Sounding Board

Deconstructing: How Can Indie Musicians Break Even?

David Thomas, the singer of Pere Ubu, once said that “Rock music is mostly about moving big black boxes from one side of town to the other in the back of your car.”
I love this line because it perfectly captures the hours of unglamorous toil that stand behind every minute of recorded rock music. As a style, it’s both time-intensive and capital-intensive. Writing, arranging, and developing songs can eat up hours of your day and years of your life. Buying gear, renting practice space, booking studio time, and schlepping equipment to and fro can run up nasty bills.
For the past decade and change, the tactics that bands traditionally use to pay these costs — quitting day jobs, touring incessantly, recouping costs with CD/T-shirt sales, etcetera — have grown less effective to the point of futility. That rock’s financial model is broken has become received wisdom. Even big, popular bands are feeling the pressure (see the now-infamous New York Magazine article on Grizzly Bear’s struggles, or refer to the recent story regarding Cat Power’s money problems).

The big boys are suffering, but niche rock bands are in danger of being squeezed out of existence. Even before the rise of digital music, many a legendary group lived in squalor; check out the Wikipedia entry on Captain Beefheart’s legendary Trout Mask Replica if you ever want to feel wealthy. Today, with gas prices up and merch revenues down — while venue payouts to performers haven’t changed with inflation — even the slim costs of a modern recording session can overwhelm smaller bands.
For me, this is a serious problem because my tastes tend toward the obscure. But it’s also a serious problem if you care about the future of the genre. Rock has been experiencing a decline in popularity since the ’90s; The New York Times ran a soul-crushing piece about Fender’s declining sales back in September (sample quote: “Teenagers who once might have hankered after guitars now get by making music on laptops. It’s worth remembering that the accordion was once the most popular instrument in America”). Small- to mid-sized bands can inspire bigger acts that revitalize the style. We wouldn’t have the Ramones without the New York Dolls; we wouldn’t have Nirvana without Pixies.
The conversation around this issue has tended toward the negative. It’s easy to bemoan the current state of affairs or play the blame game. Various technological and music industry forces are the most popular culprits. (The argument that rock just isn’t as good as it used to be holds a distant third place. I submit that those who feel this way should revisit Kenny Loggins and Jim Messina’s ’70s work.)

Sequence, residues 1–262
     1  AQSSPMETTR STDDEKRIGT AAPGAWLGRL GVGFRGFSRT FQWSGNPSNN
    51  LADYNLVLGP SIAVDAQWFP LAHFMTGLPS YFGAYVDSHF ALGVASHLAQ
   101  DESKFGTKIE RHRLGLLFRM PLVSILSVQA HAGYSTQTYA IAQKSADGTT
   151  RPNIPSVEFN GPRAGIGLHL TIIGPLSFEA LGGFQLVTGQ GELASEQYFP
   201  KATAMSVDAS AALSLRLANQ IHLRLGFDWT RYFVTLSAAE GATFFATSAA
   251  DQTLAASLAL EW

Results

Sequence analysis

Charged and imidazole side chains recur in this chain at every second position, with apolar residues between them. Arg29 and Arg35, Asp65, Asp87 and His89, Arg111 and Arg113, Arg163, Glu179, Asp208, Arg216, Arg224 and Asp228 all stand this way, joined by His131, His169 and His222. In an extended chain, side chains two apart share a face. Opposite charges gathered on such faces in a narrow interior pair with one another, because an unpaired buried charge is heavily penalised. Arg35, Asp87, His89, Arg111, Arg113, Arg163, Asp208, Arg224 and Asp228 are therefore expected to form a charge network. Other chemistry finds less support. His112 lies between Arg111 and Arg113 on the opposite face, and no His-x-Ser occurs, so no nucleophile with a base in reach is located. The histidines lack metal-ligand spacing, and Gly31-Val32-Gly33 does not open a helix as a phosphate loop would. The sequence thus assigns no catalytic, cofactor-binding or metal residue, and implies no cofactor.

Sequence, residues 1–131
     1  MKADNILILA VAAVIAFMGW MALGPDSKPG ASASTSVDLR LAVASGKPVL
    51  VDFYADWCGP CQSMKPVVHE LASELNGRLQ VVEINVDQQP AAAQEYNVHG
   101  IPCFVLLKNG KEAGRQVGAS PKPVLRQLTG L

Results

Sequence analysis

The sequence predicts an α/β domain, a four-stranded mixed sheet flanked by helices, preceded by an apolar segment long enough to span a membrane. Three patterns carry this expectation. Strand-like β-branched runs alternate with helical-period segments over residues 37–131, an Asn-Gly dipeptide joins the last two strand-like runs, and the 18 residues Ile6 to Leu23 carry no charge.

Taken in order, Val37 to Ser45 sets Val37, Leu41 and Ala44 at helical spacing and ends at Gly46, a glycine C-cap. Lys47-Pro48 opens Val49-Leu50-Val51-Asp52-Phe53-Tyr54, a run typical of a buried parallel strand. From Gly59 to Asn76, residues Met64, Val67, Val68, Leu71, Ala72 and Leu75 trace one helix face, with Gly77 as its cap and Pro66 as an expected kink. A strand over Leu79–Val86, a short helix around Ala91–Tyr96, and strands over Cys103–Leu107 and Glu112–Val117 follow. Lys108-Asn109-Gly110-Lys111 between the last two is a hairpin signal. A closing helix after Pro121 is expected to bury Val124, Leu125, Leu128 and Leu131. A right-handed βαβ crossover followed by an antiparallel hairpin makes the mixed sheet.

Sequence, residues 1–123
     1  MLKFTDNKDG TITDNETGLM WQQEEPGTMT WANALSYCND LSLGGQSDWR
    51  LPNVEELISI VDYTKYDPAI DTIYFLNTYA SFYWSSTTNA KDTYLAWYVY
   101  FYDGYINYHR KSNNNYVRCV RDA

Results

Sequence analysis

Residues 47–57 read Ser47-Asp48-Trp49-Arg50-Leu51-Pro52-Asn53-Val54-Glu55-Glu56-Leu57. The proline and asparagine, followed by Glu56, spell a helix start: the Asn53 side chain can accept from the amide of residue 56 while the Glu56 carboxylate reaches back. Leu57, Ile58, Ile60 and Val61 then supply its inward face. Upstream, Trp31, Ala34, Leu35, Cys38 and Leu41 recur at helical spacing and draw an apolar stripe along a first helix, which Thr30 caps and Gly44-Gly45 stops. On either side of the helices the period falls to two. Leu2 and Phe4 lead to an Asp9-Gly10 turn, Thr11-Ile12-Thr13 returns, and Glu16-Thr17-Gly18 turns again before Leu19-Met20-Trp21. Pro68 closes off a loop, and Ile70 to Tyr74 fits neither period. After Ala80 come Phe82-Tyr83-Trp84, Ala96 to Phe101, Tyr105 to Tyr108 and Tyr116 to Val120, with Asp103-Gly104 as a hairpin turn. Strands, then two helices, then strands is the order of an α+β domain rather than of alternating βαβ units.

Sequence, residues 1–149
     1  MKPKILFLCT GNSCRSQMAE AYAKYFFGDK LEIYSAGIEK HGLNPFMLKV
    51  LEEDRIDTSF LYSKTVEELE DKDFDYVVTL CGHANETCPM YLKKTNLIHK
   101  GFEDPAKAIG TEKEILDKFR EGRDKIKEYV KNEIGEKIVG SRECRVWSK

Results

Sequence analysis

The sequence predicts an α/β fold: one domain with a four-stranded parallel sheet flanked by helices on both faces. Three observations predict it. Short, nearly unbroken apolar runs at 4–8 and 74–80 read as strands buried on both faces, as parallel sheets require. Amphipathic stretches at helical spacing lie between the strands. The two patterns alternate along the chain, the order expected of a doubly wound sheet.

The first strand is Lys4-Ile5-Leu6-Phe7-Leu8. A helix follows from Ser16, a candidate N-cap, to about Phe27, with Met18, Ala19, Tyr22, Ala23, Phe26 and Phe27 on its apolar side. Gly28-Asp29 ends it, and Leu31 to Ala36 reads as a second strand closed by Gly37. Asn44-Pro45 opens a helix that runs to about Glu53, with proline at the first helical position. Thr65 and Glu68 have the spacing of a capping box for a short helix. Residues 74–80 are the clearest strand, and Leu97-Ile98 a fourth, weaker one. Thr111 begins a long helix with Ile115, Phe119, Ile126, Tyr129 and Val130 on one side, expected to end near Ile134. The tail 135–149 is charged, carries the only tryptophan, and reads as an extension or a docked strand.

But while it’s emotionally satisfying to curse digital piracy and predatory record labels, it’s not terribly useful. Diagnosing the malaise won’t cure it. It’s time to talk about treatments, even if they’re palliative.
Easier said than done, of course. I don’t know enough about the fiscal nuts and bolts of Grizzly Bear’s situation to tell them how to improve it. I do, however, know this: It is extremely frustrating to write and record music at a monetary loss. Lots of bands do it for a time, and lots of bands have broken up because they can’t afford to keep paying out of pocket to record. If such bands could find a way to at least break even on their recording costs, considerably fewer of them will prematurely throw in the towel. We’re not talking about tons of money here; my band recorded our (reasonably pro-sounding) first album for less than $5,000, all expenses included. That’s not a huge sum by traditional rock standards, but it’s a shitload of dough for twentysomethings who have to scrape just to pay the rent.
So here’s what I propose: let’s talk about ways for smaller rock bands to alleviate the financial pressures they face. I’ve written up some ideas and resources that bands have at their disposal for monetizing their music or decreasing the costs they get saddled with. I don’t think any of these ideas will do the trick on its own, but several of them in concert could help a lot of struggling bands get by. This list isn’t at all exhaustive — the question of how best to utilize social media to enhance an artist’s visibility isn’t even addressed; that’s a whole ‘nother Deconstruction. The technologies and strategies covered here have been discussed more and more, especially over the past year, so consider this an accessible compilation, sketching out the positives and negatives of each, and ideally, a conversation-starter, a jumping-off point for more.
That’s where you come in. I’d like you folks to post all of the (hopefully countless) money-making/cost-avoiding tactics I’ve missed here. It’d be great to hear about people’s experiences with the resources and ideas I describe below, too. How else can non-massive bands generate extra revenue, cut costs, and otherwise ease the crushing financial pressure that they face? (Think carefully; the future of rock music may depend on it.) Hopefully, we can turn this post into a repository of resources that small bands can use to firm up their finances, break even on their recording costs, and turn their focus away from the big black boxes and back towards making music.

I thought of Bandcamp first because I’ve had many positive experiences with it. It’s a popular service, and for good reason. If you’re not familiar with it, Bandcamp provides an expanded version of the pay-what-you-wish download model that Radiohead and Nine Inch Nails used to such great effect five years ago. For bands that aren’t dealing with recording contracts, it’s the best way to distribute your music digitally. You can sell your album for whatever price you like (or whatever price the customer wants to pay) in a variety of file formats, while simultaneously streaming it and giving listeners access to high-def art and lyrics. You can even sell physical merch through the site now.